By Wendy Sarubbi | December 10, 2012 3:32 pm

Medical students at the College of Medicine can now access the Epocrates medical software app through their iPads, thanks to the Harriet F. Ginsburg Health Sciences Library.

Although the app had been available for iPod Touches and iPhones, Epocrates Inc. launched an app for the iPad in early December. The app offers quick access to reliable information about drugs, diseases and diagnostics at the point of care. It is available for free to students at the UCF College of Medicine, while the library pays a small fee for faculty to download the app. Contact any library staff member for information about downloading Epocrates.

“Epocrates is used by most major hospitals in Central Florida, so it’s important for students to be familiar with it,” said library director Nadine Dexter. “Doctors also like the app because it helps students learn pharmacology.”

Users of the software will find Rx, a guide to brand, generic and over-the-counter medicines; a drug interaction check; and a pill ID; and Essentials, which includes detailed information about drugs and diseases, diagnostic tools, lab tests and panels with reference ranges.

For example, a patient arrives in the emergency room with a bag of pills. Health-care professionals can quickly identify the medicine through images and information provided by the iPad app.

Tablet technology is growing in popularity with physicians, according to Manhattan Research’s “Taking the Pulse U.S. 2012” survey of 3,015 physicians in 25 specialties. The survey, during the first three months of 2012, showed that 62 percent of physicians owned a tablet computer, up from 27 percent in 2011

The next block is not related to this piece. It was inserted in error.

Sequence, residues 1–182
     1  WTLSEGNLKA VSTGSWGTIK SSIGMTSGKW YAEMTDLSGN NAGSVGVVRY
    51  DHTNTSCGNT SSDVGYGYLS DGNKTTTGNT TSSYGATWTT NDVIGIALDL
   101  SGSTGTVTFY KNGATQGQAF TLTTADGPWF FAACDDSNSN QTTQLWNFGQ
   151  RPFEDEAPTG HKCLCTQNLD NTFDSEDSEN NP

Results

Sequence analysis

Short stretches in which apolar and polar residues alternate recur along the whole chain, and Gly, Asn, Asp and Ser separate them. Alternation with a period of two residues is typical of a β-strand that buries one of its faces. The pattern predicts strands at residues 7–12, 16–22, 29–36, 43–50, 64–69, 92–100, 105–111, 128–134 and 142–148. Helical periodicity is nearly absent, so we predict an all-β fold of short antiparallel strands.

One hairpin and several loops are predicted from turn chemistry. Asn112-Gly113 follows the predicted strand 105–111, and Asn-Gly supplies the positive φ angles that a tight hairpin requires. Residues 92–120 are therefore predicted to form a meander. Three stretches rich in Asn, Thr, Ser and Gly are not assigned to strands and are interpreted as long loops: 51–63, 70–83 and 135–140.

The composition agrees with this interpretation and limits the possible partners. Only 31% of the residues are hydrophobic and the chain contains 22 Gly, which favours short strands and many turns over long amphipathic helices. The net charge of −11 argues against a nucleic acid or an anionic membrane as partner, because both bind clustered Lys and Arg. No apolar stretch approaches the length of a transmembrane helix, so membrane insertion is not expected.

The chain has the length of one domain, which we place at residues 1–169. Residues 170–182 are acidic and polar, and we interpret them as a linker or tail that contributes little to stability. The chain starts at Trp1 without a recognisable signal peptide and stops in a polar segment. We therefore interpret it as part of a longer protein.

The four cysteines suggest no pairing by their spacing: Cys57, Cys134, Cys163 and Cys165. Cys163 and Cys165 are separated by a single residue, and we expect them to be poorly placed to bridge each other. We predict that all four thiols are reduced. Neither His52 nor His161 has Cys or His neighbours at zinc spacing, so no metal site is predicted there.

M2 Cole Feffer said he likes Epocrates because of its “user-friendly interface with quick access and reliable content.”

“I personally have found the Epocrates App to be a very valuable tool. Generally I turn to Epocrates whenever I need to quickly reference a specific disease whether I am shadowing a doctor or participating in a team-based learning exercise,” Cole said.

“A quick Google powered search for a medical query usually generates websites that are tailored toward explaining medicine to the general public and lack the detail needed for a medical student. More often than not, I inevitably find myself on a Wikipedia page, which is essentially taboo in the academic community. Epocrates helps to navigate me through the salient aspects of a medical disorder in a very timely fashion.”

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